Our access control platform uses QR codes containing a secure token number to allow visitors to gain entry to your premises. This provides a seamless guest experience where they no longer need to wait to be onboarded into the access control system (ACS) and issued a physical access card when they arrive.

The primary objection to QR codes we hear is based on them being easily shared, as they can then allow access to uninvited guests. It's true that a QR code can be emailed, whereas physical access cards can only be handed to someone else, but please see the notes below which cover concerns raised in this area.


💡 As a golden rule: try not invite people who may compromise the security of your premises... When that may not be possible to determine in advance, please review the information below to alleviate any worries you may have:

  • QR codes add a lot of value to the guest experience, minimising the manual process of assigning and handing out physical access cards or tokens
  • This also means you save on the admin involved in manually managing this process and the potential security risk of human error or cards not being returned
  • QR codes can be printed and shared, but there is traceability of this in the ACS
  • Physical cards can also be handed to the wrong person, passed back to allow a second person through, or simply used to allow multiple access attempts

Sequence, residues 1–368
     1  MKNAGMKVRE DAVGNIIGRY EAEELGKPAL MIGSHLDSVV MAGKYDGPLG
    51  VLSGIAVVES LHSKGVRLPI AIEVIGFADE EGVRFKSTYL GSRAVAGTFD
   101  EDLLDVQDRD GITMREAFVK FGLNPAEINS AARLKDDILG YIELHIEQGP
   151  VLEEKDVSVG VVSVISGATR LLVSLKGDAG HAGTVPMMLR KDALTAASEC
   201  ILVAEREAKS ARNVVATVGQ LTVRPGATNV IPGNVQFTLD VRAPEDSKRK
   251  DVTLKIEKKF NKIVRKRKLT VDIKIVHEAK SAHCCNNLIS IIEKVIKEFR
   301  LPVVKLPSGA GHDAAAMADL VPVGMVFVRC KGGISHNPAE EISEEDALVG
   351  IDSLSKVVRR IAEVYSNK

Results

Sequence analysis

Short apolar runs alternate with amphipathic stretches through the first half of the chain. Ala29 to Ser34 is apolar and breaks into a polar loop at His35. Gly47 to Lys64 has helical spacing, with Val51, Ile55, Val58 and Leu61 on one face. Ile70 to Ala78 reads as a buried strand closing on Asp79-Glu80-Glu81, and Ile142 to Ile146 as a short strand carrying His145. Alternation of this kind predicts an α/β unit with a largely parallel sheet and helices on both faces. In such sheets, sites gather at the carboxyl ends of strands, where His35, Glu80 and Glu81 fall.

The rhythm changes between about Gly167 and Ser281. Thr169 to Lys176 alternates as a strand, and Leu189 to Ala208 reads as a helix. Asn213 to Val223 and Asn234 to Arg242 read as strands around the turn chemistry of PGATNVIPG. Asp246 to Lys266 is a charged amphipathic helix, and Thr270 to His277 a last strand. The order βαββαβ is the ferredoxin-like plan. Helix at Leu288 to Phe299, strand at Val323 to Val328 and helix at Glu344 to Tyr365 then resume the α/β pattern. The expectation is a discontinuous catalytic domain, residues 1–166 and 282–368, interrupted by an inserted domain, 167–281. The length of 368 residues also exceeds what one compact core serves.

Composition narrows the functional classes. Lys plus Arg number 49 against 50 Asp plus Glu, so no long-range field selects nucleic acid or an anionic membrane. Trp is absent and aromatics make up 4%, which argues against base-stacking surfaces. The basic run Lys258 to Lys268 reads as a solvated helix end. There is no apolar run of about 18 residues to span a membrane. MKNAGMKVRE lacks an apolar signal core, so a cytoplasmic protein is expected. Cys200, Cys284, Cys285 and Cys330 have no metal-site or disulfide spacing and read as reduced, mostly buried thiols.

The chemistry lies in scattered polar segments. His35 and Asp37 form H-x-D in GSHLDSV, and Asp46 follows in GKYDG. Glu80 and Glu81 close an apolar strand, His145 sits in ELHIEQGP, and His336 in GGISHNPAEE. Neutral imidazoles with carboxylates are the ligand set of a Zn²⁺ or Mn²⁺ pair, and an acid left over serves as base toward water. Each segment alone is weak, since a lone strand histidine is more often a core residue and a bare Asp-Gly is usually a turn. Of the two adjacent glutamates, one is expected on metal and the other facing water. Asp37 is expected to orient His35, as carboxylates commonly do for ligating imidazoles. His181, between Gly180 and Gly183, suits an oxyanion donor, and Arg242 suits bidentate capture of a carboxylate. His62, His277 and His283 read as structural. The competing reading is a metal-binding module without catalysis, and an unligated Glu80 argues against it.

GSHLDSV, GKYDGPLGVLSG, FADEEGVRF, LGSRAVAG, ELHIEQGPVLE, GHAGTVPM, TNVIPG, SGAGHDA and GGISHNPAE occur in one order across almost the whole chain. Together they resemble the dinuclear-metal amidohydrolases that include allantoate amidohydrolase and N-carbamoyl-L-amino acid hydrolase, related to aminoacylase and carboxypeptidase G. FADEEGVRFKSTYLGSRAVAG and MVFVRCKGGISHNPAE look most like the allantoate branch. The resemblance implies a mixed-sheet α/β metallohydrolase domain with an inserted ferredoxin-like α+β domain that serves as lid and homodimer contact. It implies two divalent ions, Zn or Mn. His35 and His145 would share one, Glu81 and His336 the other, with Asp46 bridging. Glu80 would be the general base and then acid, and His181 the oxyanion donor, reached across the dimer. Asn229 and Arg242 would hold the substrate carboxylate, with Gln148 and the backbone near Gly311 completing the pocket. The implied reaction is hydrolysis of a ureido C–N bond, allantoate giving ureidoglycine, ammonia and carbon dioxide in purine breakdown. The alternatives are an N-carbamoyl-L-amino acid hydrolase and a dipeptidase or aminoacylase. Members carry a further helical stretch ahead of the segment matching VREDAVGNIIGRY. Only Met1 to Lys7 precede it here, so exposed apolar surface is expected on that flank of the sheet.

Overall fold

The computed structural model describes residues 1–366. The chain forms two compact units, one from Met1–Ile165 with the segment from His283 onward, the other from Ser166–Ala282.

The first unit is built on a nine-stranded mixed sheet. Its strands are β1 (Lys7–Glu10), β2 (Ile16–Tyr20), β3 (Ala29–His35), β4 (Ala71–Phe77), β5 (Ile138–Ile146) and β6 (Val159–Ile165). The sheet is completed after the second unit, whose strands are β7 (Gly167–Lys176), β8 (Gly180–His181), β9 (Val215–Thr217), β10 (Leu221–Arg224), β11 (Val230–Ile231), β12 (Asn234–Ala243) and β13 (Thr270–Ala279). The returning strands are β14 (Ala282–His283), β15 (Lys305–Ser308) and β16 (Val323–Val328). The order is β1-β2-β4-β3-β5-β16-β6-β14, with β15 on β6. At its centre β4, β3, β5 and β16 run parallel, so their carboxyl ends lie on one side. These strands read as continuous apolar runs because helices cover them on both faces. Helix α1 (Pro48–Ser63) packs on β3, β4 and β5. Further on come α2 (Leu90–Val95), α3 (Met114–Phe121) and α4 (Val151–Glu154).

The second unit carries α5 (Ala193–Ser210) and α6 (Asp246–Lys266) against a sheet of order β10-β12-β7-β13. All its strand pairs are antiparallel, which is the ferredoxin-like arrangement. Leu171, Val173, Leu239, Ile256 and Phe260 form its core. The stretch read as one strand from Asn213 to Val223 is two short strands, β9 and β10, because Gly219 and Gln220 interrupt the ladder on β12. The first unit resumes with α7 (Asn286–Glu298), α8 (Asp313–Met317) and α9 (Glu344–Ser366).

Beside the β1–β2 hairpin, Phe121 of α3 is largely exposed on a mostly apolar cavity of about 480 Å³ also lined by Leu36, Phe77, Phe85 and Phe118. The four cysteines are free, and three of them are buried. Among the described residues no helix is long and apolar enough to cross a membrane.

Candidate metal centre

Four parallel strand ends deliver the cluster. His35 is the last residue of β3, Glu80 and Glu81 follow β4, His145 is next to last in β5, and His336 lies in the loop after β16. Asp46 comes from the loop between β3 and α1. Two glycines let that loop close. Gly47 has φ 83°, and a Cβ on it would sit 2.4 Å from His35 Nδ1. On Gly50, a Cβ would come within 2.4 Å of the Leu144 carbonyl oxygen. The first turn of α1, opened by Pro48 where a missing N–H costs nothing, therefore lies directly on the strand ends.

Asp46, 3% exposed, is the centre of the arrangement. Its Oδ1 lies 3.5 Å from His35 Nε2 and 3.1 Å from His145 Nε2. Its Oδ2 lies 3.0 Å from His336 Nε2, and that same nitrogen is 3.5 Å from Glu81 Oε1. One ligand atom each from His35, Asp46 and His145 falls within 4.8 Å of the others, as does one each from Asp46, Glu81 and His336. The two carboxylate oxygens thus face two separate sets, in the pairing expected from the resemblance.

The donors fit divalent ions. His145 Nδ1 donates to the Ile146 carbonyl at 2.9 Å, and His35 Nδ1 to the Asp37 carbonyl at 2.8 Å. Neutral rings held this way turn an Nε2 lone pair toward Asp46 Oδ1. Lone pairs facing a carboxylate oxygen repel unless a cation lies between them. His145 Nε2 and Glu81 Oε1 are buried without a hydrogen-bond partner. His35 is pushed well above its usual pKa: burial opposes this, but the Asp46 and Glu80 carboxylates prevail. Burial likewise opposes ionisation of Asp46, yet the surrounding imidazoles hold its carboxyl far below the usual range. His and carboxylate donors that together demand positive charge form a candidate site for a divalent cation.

• Proxyclick QR codes are also time limited; only active during the meeting time and tied in with specific actions such as checking-in and checking-out.
  • Our QR codes may even be more secure than traditional cards and fobs, as access can be prevented after they have initially entered if required.
  • Proxyclick QR codes may be:
    - Emailed to visitors in advance
    - Only emailed upon arrival after checking-in
    - Not emailed at all: you can choose to print the QR onto a badge after the visitor checks-in

The final option above offers a scenario where you have a balance between the positive aspects of QR codes while no longer worrying about them being shared to people you never invited in. This brings QR codes closer to the use of physical cards without having an awkward manual process involved.


How we handle QR token numbers to ensure security

  • We generate QR token numbers within a set range, typically a minimum range of 10 million, to ensure each is secure
  • They are allocated randomly so there is no way to predict the tokens that will be generated
  • Once a token number has been allocated and used, the same token number will not be reissued for a period of time to prevent reuse.
Did this answer your question?